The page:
A week is a long time in politics but as far as the Labour Party is concerned, a year must seem like an eternity. This time last year Tony Blair was still in the hot seat but today, as the party conference gets into full swing, he has vanished without trace, his passing largely unmourned.
The guard has changed and for Gordon Brown, the most immediate question is whether to call an autumn election to secure a fresh mandate from the country. Although he is riding high in the opinion polls, and the Tories are in disarray, he might be wiser to stay his hand.
Mr Brown's adroit handling of the foot and mouth outbreak in August - when, significantly, he was on holiday in Britain rather than swanning off abroad - earned him some early brownie points. But the crisis over Northern Rock, which may well dominate this week's conference, has undone much of the good work.
Suspicions have intensified that the Treasury forced the hand of the Bank of England to step in and prop up the ailing lender. Although the immediate panic subsided, longer term damage has been caused by the undermining of the Bank of England's much vaunted independence.
Mervyn King, the governor of the Bank of England, continues to insist that the Bank is its own man, but there seems little doubt that the Treasury was pulling the strings. And while Northern Rock has been saved, what will happen next time a bank is hit by a credit crisis?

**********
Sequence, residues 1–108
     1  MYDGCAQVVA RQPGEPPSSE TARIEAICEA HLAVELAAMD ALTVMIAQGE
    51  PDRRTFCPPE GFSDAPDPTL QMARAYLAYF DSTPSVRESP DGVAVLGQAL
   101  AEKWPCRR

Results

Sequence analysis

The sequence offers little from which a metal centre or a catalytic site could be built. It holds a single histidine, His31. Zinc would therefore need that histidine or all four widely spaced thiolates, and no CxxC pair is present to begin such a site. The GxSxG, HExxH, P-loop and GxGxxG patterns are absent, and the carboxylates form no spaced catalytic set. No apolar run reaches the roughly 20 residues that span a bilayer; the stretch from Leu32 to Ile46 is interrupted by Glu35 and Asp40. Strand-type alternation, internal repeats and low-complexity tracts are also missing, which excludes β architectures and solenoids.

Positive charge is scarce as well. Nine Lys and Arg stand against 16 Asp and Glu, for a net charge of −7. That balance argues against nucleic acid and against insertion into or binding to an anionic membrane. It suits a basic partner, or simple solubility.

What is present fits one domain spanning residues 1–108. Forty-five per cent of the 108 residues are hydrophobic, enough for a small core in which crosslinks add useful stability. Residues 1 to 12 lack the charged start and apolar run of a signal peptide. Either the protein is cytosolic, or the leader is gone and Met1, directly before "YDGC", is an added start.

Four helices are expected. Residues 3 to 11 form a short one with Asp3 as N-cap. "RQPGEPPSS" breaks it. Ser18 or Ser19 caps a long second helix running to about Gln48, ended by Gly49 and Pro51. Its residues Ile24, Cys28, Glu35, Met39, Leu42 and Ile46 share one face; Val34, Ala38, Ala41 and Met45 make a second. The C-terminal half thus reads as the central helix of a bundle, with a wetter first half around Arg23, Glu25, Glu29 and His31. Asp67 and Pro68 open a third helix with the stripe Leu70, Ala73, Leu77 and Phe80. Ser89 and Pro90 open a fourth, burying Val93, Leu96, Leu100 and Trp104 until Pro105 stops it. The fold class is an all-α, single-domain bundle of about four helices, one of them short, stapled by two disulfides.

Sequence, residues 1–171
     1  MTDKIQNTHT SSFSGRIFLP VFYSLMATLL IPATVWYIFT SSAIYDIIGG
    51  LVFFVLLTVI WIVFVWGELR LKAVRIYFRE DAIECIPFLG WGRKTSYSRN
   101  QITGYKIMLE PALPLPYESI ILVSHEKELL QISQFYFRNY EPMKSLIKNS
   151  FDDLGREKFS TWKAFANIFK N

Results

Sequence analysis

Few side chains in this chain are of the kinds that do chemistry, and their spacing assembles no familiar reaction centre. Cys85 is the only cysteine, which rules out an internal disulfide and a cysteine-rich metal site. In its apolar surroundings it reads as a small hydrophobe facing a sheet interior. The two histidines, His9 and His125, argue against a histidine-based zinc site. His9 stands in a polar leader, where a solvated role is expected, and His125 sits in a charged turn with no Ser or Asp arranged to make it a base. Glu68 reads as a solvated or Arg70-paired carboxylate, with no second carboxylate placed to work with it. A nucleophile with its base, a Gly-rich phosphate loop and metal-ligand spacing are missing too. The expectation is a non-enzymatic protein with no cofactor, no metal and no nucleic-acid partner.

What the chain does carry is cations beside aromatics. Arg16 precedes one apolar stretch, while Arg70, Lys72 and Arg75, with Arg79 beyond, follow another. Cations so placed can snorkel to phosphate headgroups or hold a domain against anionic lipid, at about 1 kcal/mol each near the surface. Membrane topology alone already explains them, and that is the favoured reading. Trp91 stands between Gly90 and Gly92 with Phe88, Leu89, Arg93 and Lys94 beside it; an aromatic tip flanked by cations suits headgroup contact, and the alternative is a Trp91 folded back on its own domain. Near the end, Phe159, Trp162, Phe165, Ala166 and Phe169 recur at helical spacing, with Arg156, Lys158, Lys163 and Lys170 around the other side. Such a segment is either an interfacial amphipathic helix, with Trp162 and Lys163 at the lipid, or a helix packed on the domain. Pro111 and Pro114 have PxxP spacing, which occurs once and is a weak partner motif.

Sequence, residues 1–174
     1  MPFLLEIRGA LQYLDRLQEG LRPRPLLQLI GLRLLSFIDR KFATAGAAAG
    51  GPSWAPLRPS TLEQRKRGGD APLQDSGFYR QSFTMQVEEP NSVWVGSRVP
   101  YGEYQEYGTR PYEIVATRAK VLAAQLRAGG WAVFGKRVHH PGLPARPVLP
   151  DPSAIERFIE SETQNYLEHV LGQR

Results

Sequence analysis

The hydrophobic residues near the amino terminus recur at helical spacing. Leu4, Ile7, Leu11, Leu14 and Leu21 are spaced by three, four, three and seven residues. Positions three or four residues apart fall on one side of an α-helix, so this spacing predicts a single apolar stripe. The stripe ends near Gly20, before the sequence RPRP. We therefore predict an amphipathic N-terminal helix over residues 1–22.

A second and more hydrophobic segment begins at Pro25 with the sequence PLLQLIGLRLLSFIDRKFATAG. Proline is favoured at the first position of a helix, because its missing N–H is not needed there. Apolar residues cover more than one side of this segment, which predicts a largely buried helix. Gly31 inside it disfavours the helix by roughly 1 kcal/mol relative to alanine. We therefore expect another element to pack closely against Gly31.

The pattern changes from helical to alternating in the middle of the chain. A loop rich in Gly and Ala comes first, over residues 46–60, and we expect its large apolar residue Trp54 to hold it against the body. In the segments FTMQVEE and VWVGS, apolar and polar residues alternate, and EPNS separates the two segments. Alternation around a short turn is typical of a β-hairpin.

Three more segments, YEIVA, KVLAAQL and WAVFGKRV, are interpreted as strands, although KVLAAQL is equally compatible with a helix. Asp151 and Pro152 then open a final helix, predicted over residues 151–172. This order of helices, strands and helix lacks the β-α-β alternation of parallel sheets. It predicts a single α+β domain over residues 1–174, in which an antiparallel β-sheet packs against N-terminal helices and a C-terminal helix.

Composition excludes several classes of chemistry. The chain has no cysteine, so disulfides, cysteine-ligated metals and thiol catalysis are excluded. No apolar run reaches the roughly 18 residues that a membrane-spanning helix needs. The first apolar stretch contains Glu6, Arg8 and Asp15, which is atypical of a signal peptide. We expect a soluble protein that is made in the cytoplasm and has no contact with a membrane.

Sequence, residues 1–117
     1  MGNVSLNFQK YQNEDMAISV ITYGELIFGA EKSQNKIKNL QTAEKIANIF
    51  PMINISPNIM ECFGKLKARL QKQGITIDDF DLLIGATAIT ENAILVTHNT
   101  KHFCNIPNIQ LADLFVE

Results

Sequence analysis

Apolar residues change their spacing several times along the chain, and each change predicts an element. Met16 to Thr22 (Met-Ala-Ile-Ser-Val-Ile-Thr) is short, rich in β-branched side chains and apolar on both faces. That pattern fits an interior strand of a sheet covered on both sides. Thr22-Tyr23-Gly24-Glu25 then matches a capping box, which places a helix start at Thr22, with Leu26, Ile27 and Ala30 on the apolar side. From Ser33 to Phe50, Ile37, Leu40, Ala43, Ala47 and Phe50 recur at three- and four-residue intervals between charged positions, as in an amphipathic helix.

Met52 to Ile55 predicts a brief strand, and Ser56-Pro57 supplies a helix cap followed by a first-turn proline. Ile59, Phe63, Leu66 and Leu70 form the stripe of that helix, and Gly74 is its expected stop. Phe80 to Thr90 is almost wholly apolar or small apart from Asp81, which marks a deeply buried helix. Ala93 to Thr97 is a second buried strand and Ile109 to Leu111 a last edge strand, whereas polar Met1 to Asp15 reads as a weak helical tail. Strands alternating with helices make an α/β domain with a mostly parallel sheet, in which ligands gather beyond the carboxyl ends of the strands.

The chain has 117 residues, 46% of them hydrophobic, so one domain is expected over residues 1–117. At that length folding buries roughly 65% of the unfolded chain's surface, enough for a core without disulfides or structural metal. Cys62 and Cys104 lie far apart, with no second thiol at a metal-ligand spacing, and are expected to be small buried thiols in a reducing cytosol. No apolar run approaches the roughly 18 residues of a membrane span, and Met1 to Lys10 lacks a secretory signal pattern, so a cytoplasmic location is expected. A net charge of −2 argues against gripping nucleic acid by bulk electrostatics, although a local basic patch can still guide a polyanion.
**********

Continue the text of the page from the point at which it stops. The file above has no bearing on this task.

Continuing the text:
Mr Brown needs to clarify the Government's policy. He may insist that the economy is in good shape, but the slide in house prices, which has already started, will unsettle voters.
Another major challenge for Mr Brown is Iraq, where there are many questions about the strategy being adopted by the UK and United States. Mr Brown has noticeably distanced himself from President Bush, which is a wise move.
But as the Prime Minister warned a less than enthusiastic Trades Union Congress, there are no easy options in life. The Prime Minister, who seemed so charmed to have Lady Thatcher as his guest at Downing Street, needs to ensure that Britain is not held hostage this winter to a series of public sector strikes such as that at Royal Mail.
From a Northern Ireland perspective, Mr Brown has stepped back and sensibly allowed the Assembly to bed in. Certainly, the securing of political harmony was the high point of Mr Blair's final year in office, but now it is up to Mr Brown to come up with a deal on corporation tax which will make the private sector more competitive.
The Prime Minister lacks the flair and polish of his predecessor, but he is none the worse for that. After an era in which style counted for more than substance, the party - and the nation - will be quietly relieved to have a plodder in charge again.